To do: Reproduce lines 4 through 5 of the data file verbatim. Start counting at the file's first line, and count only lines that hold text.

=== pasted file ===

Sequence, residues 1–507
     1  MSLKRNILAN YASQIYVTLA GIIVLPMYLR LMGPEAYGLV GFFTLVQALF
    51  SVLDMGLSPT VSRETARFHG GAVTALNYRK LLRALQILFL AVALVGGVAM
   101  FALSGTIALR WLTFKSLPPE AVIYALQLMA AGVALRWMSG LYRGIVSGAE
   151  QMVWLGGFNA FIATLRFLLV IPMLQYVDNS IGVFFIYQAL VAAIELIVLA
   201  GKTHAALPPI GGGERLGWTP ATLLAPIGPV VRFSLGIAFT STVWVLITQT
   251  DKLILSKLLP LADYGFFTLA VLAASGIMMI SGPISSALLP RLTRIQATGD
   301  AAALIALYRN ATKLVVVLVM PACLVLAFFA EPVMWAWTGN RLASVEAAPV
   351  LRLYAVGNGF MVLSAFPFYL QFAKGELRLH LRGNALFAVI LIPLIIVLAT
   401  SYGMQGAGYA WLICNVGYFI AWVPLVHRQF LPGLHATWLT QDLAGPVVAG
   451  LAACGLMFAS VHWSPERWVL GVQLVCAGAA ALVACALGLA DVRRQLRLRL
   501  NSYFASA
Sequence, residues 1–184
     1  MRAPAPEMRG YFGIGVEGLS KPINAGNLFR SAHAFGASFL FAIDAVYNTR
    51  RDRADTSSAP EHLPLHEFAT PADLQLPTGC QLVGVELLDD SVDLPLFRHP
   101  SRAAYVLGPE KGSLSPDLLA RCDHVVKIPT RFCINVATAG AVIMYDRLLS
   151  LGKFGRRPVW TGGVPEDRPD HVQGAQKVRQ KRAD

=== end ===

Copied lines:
   101  FALSGTIALR WLTFKSLPPE AVIYALQLMA AGVALRWMSG LYRGIVSGAE
   151  QMVWLGGFNA FIATLRFLLV IPMLQYVDNS IGVFFIYQAL VAAIELIVLA